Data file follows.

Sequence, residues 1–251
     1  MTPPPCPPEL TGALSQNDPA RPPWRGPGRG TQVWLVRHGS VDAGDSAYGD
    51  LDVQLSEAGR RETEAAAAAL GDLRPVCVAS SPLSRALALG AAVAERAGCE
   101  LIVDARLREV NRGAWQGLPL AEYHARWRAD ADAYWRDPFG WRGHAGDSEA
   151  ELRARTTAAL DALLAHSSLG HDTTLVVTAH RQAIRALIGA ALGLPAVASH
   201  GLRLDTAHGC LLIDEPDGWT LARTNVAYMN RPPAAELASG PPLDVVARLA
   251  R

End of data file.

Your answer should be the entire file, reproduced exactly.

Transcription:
Sequence, residues 1–251
     1  MTPPPCPPEL TGALSQNDPA RPPWRGPGRG TQVWLVRHGS VDAGDSAYGD
    51  LDVQLSEAGR RETEAAAAAL GDLRPVCVAS SPLSRALALG AAVAERAGCE
   101  LIVDARLREV NRGAWQGLPL AEYHARWRAD ADAYWRDPFG WRGHAGDSEA
   151  ELRARTTAAL DALLAHSSLG HDTTLVVTAH RQAIRALIGA ALGLPAVASH
   201  GLRLDTAHGC LLIDEPDGWT LARTNVAYMN RPPAAELASG PPLDVVARLA
   251  R